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Iran to prosecute over building law breaches in Bam
( 2004-01-03 09:15) (Agencies)

Iranian military engineers said on Friday they had uncovered violations of building regulations in the earthquake-devastated city of Bam and that those responsible would be prosecuted.

Satellite images from DigitalGlobe taken on September 30, 2003 (L) and December 29, 2003 show the historic Citadel in Bam, Iran before and after the pre-dawn December 26 earthquake. Relief workers on January 1, 2004 pulled a young man and a child alive from the ruins six days after the quake flattened the medieval town 625 miles southeast of Tehran. [Reuters]
About 90 percent of the mostly mud-brick buildings in the ancient Silk Road city collapsed in last Friday's quake, killing at least 30,000 people in one of the world's worst natural disasters in recent decades.

"We have seen some violations and they are being reported to the Justice Department," Hamid Eskander, head of a fact-finding team of about 100 engineers from Iran's Revolutionary Guards, told Reuters.

"People we suspect of not doing their job properly will be contacted and prosecuted," said Eskandar, a U.S.-educated specialist in earthquakes.

"There are a good number of cases where there were violations in terms of construction practices, engineering practices, and perhaps even faulty inspections."

Quake-prone Iran -- situated on several fault lines in the earth's structure -- has tightened building regulations in recent years, but the measures have been widely ignored, officials and engineers have said.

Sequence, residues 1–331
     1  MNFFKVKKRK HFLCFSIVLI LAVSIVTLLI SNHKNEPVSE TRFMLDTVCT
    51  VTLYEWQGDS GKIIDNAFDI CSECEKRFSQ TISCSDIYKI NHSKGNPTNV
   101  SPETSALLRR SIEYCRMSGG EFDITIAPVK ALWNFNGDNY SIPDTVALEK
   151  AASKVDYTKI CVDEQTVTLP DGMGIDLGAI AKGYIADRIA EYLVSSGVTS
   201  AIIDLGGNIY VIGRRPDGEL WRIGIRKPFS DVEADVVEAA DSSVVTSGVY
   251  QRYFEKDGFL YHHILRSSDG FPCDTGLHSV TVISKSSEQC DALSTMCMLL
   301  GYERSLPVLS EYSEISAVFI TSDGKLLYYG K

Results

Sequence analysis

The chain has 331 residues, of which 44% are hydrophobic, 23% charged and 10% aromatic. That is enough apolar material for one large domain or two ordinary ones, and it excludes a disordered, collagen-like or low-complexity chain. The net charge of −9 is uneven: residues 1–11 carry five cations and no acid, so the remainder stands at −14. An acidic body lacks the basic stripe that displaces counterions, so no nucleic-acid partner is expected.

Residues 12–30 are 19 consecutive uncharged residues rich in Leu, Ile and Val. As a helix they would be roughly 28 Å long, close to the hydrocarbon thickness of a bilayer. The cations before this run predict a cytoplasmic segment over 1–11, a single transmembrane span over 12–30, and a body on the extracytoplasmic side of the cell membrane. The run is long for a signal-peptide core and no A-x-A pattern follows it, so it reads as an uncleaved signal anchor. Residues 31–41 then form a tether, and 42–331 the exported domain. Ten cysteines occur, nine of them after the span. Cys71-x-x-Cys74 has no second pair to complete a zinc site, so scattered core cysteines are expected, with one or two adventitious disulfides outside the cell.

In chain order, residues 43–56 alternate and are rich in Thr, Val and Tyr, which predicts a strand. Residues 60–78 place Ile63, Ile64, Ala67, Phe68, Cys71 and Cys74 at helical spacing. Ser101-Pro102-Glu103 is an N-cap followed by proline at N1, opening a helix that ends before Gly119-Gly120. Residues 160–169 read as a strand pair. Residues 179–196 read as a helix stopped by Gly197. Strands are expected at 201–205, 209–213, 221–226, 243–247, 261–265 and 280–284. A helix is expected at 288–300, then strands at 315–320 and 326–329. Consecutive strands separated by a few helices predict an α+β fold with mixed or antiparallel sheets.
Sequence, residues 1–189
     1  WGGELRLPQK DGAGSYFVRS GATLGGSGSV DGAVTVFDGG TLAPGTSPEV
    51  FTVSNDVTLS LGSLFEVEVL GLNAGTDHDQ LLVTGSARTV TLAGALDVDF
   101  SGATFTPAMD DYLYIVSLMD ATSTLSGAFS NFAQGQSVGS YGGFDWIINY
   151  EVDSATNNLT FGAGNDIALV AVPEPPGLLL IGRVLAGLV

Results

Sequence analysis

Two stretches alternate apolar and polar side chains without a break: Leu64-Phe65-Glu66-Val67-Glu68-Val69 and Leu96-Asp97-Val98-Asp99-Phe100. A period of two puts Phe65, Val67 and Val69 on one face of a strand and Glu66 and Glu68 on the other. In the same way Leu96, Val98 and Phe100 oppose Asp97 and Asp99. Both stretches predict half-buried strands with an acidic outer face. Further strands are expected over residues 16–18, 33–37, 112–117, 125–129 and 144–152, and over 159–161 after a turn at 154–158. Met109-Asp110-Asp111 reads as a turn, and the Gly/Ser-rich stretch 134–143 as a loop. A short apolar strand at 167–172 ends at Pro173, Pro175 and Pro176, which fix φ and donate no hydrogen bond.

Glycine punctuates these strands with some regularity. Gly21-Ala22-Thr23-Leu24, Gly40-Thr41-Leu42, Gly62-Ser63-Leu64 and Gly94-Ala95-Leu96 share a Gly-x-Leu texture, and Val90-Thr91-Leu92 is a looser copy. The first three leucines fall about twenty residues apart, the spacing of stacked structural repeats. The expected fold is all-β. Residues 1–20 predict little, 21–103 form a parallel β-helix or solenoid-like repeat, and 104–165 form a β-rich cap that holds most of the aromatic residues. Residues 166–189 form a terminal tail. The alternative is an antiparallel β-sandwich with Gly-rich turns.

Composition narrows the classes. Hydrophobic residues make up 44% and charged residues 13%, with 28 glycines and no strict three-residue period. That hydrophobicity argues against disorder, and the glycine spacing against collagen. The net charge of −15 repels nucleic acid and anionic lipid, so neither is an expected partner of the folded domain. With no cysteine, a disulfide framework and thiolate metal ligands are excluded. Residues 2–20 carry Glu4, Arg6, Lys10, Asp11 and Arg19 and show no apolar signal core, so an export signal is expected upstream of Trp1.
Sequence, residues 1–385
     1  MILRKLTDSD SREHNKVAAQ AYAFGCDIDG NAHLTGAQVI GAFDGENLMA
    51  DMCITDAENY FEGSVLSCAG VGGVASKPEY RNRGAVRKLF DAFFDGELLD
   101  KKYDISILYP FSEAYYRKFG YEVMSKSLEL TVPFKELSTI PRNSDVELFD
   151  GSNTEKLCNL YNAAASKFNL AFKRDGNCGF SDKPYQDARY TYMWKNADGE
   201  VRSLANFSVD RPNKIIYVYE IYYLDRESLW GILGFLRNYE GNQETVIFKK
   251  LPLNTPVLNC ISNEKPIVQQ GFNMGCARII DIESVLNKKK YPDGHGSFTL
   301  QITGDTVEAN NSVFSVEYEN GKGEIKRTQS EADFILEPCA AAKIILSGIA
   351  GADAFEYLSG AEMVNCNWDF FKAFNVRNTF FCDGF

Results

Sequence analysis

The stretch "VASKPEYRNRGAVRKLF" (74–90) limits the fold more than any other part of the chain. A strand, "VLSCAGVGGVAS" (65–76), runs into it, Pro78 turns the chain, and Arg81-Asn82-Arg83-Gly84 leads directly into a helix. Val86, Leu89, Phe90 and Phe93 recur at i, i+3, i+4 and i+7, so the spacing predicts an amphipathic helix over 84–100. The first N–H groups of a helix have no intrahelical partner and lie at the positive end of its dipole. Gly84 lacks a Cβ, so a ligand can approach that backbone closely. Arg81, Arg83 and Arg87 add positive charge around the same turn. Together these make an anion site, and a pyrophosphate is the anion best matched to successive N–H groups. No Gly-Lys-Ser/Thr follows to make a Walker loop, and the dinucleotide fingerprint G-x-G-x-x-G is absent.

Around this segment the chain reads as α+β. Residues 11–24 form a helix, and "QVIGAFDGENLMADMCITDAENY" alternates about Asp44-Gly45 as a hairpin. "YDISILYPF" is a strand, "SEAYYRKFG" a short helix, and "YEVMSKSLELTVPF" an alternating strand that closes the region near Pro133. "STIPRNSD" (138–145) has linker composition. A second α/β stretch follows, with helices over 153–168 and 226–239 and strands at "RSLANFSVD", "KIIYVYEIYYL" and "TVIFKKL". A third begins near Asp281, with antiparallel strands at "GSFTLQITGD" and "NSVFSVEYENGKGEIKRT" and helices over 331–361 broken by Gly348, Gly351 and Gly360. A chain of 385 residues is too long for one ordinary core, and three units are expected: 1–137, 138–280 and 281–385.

Even modern state buildings collapsed in the quake, which measured 6.8 on the Richter scale.

The mass collapse of Bam's buildings has been blamed for the high death toll. Quakes of similar force in other countries have caused far fewer deaths.

Iran has vowed to prosecute anyone who violated building regulations, and Eskandar said the Justice Department had set up a special unit to deal with the issue.

A week after the pre-dawn quake struck while many of Bam's residents were still sleeping, government officials did not have a final death toll but said it may reach 50,000.

International and Iranian aid programs gathered momentum, but survivors still faced misery and uncertainty as they struggled to rebuild their lives.

Camps offering better shelter than the flimsy cloth tents handed out in the immediate aftermath of the quake began to take shape around Bam, some 1,000 km (625 miles) southeast of Tehran.

Aid workers said the camps would eventually house some 40,000 to 60,000 homeless.

The United Nations said on Friday it was sending an assessment team to Bam in preparation for an emergency global appeal for relief funds to be launched next week.

Iranian officials hinted on Thursday Washington's dispatch of relief workers and supplies to help quake victims may have eased decades of mistrust between the two countries.

But on Friday, the United States said Iran had declined a U.S. offer to send a new humanitarian mission led by Senator Elizabeth Dole, a former head of the American Red Cross.

"We have heard back today from the Iranians that given the current situation in Bam and all that is going on there now, it would be preferable to hold such a visit in abeyance," State Department spokesman Adam Ereli told reporters.

Washington broke ties with Iran shortly after the 1979 Islamic revolution and President Bush has branded Tehran part of an "axis of evil" for allegedly trying to develop weapons of mass destruction.

Tehran denies Bush's charge and Iranian hard-liners regularly refer to the United States as the "Great Satan."

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